We ended yesterday’s lesson by looking at an unbiblical view of living for Christ. That view states that you can be saved without any visible evidence of the grace of Christ in your life. I was appalled to have anybody suggest that. I was appalled theologically because regeneration has to mean that you are different. It is true we are justified by grace through faith, but nobody is justified who is not also regenerate. Jesus said, “You must be born again.” If you are born again, there must be differences. The very fact that you are born again is one difference, and certain things have to flow from that new life of Christ. Even the thief on the cross – though he was saved at the last extremity – showed a difference in his life. It would be interesting to study what that thief said and point to the evidence of the grace and the fruit of the spirit in his life, even in the last few minutes before he died.
But I looked at this again. I asked, “If that theology is right, what is Paul talking about when he talks about a person building on this foundation – in the one case, building something of gold, silver, and precious stones that is going to last and, in the other case, building with wood, hay, and stubble, all of which is going to be burned up in the judgment?” I read it carefully, and when I considered it in the context of what Paul is saying, I discovered that Paul is not talking about personal salvation. He is not talking about an individual’s works. Paul is talking about the Christian ministry. He is not talking about a minister who, for the sake of argument, shows absolutely no evidence of the grace of God in his life. Nobody is saved who does not have evidence of the grace of God in his life. He’s talking about a man in the ministry who builds improperly in his responsibility for building the church of Jesus Christ – in other words, who conducts his ministry from a worldly basis.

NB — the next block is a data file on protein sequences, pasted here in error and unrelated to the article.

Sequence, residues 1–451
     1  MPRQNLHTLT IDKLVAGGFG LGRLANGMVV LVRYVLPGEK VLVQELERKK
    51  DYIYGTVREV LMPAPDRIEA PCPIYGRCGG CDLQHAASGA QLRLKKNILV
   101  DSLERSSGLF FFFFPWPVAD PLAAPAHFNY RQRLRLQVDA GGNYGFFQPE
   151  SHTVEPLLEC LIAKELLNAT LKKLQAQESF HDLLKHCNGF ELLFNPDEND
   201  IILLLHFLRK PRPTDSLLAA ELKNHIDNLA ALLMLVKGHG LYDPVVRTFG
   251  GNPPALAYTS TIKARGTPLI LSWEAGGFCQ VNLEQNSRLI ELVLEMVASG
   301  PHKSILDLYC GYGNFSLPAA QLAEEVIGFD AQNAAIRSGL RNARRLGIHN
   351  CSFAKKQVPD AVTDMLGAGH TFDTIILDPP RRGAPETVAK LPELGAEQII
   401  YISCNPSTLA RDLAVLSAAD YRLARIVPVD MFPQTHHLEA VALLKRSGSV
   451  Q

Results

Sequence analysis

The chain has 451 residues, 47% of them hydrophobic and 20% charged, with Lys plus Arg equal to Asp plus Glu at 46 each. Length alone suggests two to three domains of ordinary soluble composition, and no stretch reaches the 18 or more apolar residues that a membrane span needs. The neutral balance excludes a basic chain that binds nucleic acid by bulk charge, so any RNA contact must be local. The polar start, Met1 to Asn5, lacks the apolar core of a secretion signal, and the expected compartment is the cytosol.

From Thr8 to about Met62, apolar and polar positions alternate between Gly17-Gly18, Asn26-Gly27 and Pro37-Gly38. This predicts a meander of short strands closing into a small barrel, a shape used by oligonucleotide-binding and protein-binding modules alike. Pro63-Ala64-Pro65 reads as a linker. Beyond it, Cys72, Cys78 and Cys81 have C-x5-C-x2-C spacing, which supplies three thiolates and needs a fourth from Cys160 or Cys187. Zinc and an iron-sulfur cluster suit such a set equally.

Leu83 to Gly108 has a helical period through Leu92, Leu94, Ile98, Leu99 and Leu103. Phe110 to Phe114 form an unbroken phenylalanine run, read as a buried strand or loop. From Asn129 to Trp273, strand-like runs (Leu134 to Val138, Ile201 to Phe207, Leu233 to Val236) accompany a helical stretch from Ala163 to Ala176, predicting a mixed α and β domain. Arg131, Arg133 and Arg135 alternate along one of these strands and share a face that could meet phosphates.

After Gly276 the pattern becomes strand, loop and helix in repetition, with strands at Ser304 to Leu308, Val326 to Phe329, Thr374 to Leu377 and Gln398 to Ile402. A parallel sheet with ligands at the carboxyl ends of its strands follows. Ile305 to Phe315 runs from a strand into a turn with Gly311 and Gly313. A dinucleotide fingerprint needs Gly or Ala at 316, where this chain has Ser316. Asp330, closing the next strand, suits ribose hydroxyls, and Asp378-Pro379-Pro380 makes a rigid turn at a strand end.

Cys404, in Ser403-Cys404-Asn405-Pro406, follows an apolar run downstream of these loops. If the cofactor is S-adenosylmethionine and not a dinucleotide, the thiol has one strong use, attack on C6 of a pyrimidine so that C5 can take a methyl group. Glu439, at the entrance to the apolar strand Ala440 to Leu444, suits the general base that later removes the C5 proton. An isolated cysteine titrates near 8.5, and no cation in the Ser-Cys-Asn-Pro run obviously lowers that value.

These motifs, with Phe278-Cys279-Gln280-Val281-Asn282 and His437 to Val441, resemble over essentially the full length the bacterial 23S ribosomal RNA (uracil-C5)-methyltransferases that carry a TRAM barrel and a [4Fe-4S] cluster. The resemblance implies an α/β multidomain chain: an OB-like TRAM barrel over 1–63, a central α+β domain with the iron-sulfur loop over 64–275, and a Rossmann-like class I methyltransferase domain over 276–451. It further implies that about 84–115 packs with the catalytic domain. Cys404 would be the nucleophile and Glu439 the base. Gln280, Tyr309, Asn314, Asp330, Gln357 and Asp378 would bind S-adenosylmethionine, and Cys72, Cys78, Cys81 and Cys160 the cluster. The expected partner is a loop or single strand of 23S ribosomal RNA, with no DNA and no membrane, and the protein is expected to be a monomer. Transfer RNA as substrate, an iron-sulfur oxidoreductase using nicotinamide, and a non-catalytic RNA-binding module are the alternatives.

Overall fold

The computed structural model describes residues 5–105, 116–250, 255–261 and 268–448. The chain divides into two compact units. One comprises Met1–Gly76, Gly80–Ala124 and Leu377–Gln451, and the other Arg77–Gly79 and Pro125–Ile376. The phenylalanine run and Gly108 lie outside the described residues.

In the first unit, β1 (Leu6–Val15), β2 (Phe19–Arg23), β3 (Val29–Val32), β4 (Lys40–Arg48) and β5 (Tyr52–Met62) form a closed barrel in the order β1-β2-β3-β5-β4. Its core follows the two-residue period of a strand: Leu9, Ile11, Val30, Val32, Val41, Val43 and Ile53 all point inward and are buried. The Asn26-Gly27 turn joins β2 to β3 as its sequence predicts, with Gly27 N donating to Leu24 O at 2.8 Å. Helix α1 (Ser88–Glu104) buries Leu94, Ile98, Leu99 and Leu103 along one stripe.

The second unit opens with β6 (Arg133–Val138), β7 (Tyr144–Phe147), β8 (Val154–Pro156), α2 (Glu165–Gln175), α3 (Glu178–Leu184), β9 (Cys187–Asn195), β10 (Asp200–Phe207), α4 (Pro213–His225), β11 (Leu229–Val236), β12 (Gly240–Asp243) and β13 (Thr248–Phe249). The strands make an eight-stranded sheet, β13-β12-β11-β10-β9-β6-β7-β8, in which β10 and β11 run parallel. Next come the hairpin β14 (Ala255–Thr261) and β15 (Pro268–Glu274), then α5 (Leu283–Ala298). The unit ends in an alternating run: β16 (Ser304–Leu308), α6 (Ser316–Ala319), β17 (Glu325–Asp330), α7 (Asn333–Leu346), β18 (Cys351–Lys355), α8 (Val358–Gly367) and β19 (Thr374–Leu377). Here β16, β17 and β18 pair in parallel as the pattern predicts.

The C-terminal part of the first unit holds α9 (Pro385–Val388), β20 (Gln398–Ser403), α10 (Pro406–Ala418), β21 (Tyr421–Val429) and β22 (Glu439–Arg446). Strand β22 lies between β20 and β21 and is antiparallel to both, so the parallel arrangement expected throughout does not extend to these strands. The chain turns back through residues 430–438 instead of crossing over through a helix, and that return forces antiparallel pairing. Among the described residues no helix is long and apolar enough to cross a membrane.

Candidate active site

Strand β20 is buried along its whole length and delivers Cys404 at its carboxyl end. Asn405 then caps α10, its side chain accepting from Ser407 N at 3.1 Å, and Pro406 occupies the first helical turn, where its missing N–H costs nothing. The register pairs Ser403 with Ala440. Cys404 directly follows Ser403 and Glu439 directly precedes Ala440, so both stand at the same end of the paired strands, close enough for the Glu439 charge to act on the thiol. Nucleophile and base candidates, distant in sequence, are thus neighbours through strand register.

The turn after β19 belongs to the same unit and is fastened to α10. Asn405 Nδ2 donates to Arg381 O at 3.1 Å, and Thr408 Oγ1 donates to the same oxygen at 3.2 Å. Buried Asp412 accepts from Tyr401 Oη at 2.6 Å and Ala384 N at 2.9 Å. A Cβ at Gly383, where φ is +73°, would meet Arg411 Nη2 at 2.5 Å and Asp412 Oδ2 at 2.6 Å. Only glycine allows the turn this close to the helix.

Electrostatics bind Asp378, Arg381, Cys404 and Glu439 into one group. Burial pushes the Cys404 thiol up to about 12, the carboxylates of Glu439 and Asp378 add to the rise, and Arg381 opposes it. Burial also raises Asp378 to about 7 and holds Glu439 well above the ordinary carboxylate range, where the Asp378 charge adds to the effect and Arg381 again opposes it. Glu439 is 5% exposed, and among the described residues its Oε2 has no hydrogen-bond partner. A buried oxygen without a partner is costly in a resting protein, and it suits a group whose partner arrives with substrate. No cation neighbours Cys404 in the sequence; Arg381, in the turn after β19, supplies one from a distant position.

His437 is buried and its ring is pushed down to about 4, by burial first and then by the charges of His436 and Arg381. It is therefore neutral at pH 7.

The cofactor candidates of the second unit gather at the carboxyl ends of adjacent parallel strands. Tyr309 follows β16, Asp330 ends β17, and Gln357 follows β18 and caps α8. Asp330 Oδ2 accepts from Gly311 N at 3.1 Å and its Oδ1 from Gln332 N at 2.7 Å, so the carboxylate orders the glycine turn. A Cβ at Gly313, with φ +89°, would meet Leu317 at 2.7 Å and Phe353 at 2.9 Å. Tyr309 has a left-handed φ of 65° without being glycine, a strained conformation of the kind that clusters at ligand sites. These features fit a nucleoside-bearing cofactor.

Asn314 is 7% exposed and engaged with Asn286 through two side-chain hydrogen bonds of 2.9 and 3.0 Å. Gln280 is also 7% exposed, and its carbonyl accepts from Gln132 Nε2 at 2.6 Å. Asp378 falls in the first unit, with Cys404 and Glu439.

What is the result of that? The work is not going to last. Do you know anybody who builds like that? I do not want to name names, but I can think of many people who do that. They look at the task of ministering the Word within the context of a particular church and they say, “Oh, this isn’t moving fast enough for me.” They look at the world that puts such a premium on success and growth and they say, “Oh, we’ve got to see better results than this: we need faster results than this.” So, they ask, “What can we do to get the people in?” Consequently they begin to think of the world’s ways of becoming bigger, more successful. They say, “Well, people are interested in concerts today – rock music and such. Let’s have concerts in the church.” So, they give Sunday night over to the concerts. They get people who come for the concerts for a while, but eventually they fade away. Then they say, “Well, that isn’t quick enough. Let’s do something else.” So, they put on a big show and it works for a while. But, it too does not last. I have observed churches that go downhill that way – churches that have been hallmarks of godliness and pillars of theological and spiritual strength in past years. They get somebody in who does not quite have it – at least not the way the men who preceded him did. He does not know the Word enough to preach it well, and he does not know theology well enough to communicate it to his people.
So, he goes after these other things, the world’s methods. And he maintains a certain level of excitement in this way. But the spiritual content and strength of the church shifts, and the godly fade away. Others come in to take their places. Pretty soon, he leaves, and the church falls off even more. They bring somebody else in at a lower level and within two or three generations of ministers, the church is gone. There is nothing left. He has built with wood, hay, and stubble, and it has all been burnt up, in the world.